Xah's Edu Corner: The importance of syntax & notations.

Peter Keller psilord at merlin.cs.wisc.edu
Sun Aug 16 18:05:01 CEST 2009

In comp.lang.scheme Xah Lee <xahlee at gmail.com> wrote:
> Xah's Edu Corner: The importance of syntax & notations.
> http://www.stephenwolfram.com/publications/recent/mathml/mathml_abstract.html
> this article should teach the coding sophomorons and computer
> ?science? idiotic authors who harbor the notion that syntax is not
> important, picked up by all the elite i-reddit & twittering &  hacker
> news am-hip dunces.

I must have really tweaked you with my "Syntax is not important, ideas are."

I read Wolfram's article carefully. He applies an intuitive sense onto
why he does or doesn't like a particular notation, but yet can't really
elucidate his feelings. I'm surprised that didn't tweak you worse. He
also goes so far as to mention that:

"But actually we still don't know a clean simple way to represent things
like geometrical diagrams in a kind of language-like notation. And
my guess is that actually of all the math-like stuff out there, only
a comparatively small fraction can actually be represented well with
language-like notation."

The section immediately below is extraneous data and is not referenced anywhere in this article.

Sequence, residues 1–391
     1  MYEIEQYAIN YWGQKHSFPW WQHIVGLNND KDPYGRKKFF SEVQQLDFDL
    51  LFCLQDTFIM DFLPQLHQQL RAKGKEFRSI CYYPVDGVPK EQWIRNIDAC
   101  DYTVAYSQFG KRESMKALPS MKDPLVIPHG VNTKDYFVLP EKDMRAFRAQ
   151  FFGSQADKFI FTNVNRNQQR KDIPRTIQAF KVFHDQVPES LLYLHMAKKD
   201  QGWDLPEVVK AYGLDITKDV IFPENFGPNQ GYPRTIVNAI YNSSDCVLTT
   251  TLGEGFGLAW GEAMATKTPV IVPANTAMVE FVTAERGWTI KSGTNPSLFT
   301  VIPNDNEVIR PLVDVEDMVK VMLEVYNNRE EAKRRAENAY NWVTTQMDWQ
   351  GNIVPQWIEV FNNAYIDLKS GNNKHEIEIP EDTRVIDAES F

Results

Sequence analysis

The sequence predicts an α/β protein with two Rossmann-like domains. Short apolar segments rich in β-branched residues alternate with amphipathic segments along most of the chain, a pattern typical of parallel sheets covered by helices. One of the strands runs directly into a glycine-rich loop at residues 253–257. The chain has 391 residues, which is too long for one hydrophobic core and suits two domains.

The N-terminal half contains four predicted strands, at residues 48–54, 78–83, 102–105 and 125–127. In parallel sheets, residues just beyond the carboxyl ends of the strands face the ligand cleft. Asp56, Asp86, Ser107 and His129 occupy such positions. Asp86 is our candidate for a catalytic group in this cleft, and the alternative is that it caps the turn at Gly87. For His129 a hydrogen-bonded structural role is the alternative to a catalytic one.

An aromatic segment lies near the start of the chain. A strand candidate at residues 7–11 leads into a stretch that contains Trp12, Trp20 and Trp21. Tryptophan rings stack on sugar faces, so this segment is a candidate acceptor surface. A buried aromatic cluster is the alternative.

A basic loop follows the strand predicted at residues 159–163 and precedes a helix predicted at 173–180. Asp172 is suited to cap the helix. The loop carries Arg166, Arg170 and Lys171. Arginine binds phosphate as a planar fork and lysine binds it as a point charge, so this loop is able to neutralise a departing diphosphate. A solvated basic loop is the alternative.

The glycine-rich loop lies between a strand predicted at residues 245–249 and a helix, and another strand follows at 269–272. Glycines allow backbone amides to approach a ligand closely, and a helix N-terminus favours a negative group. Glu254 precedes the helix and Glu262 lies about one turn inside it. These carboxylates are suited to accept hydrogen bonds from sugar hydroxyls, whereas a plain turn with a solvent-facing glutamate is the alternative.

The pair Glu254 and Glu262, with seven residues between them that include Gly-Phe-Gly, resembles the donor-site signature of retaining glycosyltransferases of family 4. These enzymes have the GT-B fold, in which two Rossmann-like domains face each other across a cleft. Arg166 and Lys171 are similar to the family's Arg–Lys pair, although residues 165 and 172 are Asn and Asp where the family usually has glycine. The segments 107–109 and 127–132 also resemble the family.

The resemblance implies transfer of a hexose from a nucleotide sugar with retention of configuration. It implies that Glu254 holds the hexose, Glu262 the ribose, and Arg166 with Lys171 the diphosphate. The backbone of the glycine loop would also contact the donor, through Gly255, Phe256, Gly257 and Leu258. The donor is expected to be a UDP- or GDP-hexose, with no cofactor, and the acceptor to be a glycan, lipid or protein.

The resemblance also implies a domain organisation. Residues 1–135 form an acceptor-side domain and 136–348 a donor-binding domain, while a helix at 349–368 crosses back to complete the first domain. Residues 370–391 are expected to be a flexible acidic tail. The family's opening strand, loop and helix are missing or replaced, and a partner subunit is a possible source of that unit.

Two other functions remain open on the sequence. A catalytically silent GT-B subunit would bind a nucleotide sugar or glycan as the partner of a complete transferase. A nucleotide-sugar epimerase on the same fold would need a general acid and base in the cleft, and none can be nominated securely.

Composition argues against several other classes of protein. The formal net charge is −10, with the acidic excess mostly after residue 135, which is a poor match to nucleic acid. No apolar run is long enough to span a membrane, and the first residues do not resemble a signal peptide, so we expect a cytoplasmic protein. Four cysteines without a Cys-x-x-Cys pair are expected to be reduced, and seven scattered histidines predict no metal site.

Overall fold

It is simply that the method by which the right brain categorizes
and processes visual information is not observable by the left
brain. Therefore no language can EVER be constructed by the left brain to
represent why the right brain "prefers" some visual layouts for languages
over others.  I've done enough classical art training in my life to
understand the conflict between the powerful spatial/visual processor
the right brain has and the (in the context of drawing) meaningless
linguistics of trying to describe the process.

Only when we as human beings build the observation channels needed (with
physical connection between certain areas of the left and right sides of
the brain) will any sort of meaningful left brain language be created
for the visual understanding/gradation of the spatial relationship and
the method by which our right brain performs its processing.

If you want to design a better computer language, hire an artist.

Most semantic objects in programs stand in some spatio-temporal
relation to each other. If you deny that fact, then simply look at the
directed acyclic form/SSA form/CPS transform of any of your favorite
languages. Compiler go through *great* pains to transform left brain
scribblings into large spatio-temporal "2d images" where lots of algorithms
are done before converting them into assembly. This is because it is simply
easier to visually understand how to do the processing of those elements
than not.

Thank you.


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